The UN climate summit November 30-December 11 will build on “remarkable” progress toward an international agreement to control greenhouse gas emissions, but there is still more work to be done, UN Climate Secretary Christiana Figueres said late last week.
A UN report stressed that countries are poised to make a “significant dent” in emissions without sacrificing economic growth, CBC reported. That change will herald a “major economic transformation,” including massive shifts to renewable energy and energy efficiency, combined with better land management, urban planning, and transportation.
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“It is a very good step, it is actually a remarkable step, but it is not enough,” Figueres told reporters Friday, pointing to an International Energy Agency estimate that countries’ climate commitments to date would hold average global warming at 2.7ºC, compared to the present trajectory of 4º to 5º. The IEA estimate was based on Intended Nationally Determined Contributions (INDCs) submitted by 146 countries, representing 86% of global emissions.
The “unprecedented” collective effort to reduce GHGs represents “a clear and determined down payment on a new era of climate ambition from the global community of nations,” Figueres said in a release. Governments have signalled “that they are determined to play their part according to their national circumstances and capabilities.”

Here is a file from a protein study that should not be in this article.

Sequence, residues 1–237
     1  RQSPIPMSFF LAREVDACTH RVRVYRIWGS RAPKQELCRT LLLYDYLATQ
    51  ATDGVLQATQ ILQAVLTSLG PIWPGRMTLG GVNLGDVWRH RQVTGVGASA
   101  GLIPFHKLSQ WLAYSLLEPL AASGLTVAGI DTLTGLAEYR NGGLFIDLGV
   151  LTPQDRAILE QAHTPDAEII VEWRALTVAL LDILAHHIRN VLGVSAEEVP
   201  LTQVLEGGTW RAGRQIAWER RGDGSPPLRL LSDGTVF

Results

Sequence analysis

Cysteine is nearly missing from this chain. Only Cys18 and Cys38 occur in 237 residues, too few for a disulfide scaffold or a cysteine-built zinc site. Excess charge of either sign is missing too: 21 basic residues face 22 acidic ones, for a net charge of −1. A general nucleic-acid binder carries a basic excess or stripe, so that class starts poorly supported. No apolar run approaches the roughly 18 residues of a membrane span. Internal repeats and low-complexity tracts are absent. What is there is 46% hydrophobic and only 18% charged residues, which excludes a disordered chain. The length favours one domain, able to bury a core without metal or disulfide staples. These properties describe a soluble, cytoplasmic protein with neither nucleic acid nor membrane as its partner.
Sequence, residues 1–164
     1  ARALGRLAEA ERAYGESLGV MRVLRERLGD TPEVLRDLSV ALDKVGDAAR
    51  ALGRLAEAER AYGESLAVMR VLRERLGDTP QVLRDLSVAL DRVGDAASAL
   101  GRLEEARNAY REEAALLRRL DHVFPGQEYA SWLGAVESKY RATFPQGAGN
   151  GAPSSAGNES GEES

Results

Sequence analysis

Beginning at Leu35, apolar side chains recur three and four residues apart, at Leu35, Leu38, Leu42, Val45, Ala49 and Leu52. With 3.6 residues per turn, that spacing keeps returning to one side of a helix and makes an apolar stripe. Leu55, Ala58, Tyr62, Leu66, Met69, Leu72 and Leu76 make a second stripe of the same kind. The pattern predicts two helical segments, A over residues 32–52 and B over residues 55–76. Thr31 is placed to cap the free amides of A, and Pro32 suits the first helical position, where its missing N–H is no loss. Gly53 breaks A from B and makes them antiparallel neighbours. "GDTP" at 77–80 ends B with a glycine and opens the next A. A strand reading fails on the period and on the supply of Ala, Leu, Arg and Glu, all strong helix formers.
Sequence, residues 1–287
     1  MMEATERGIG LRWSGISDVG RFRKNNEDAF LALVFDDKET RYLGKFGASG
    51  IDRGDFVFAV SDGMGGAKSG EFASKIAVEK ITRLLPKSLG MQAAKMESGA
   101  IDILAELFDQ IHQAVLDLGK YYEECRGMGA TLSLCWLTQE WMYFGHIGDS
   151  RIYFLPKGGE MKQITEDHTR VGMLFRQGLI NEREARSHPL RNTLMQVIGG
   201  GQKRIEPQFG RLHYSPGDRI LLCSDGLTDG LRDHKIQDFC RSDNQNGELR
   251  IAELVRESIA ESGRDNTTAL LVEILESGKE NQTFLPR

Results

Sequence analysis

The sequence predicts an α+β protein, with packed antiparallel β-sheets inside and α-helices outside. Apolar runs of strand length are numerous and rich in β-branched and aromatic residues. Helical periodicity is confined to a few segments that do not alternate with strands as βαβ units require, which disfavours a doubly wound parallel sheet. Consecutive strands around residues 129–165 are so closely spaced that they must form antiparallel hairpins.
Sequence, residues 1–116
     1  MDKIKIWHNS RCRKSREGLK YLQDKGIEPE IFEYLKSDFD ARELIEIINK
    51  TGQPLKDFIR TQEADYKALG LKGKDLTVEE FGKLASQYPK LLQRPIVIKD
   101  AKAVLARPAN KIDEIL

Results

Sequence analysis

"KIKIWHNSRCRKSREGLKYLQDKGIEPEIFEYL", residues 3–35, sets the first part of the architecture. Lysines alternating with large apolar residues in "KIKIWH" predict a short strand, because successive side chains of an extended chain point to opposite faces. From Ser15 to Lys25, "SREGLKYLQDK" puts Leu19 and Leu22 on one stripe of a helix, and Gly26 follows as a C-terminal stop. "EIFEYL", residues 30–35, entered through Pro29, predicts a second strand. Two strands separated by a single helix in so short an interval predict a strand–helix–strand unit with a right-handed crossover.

“Many countries have been healthily conservative in what they have put on the table, and that’s very understandable because they do not want to expose themselves prematurely internationally,” she added during her media event. “We may get more from some corners and less from others,” but countries will also have to leave Paris with “a path of continuous improvement” toward the UN’s official target of 2ºC.
There is also growing momentum for a 1.5º “buffer zone” to avert the worst impacts of climate change.
While national commitments to date fall far short of what’s needed, “it’s very likely that China, for example, can and will move faster than it’s offered, as it’s already rapidly getting out of coal and into renewables,” said Greenpeace climate specialist Li Shuo.